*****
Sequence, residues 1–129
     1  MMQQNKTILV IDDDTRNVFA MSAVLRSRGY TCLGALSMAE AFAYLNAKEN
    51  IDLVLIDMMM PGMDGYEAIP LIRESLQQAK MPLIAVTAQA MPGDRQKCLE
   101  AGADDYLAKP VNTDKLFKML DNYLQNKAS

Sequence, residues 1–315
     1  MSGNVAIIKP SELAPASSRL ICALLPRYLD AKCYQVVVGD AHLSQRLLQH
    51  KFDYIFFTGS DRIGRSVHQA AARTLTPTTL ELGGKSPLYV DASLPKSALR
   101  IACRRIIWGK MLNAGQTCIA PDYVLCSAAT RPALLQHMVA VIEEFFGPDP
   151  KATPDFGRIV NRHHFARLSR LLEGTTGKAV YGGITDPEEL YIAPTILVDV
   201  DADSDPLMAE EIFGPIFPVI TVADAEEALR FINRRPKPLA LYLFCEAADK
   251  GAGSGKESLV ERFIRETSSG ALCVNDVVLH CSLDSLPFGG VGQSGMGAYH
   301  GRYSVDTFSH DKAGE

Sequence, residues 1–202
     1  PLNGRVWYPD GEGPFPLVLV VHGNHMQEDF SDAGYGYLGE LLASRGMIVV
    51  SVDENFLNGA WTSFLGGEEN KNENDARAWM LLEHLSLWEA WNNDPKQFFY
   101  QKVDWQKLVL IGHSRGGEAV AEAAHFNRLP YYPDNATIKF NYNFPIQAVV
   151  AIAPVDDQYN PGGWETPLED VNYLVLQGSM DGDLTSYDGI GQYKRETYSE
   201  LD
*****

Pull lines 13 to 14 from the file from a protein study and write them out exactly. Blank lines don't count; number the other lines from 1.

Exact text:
Sequence, residues 1–202
     1  PLNGRVWYPD GEGPFPLVLV VHGNHMQEDF SDAGYGYLGE LLASRGMIVV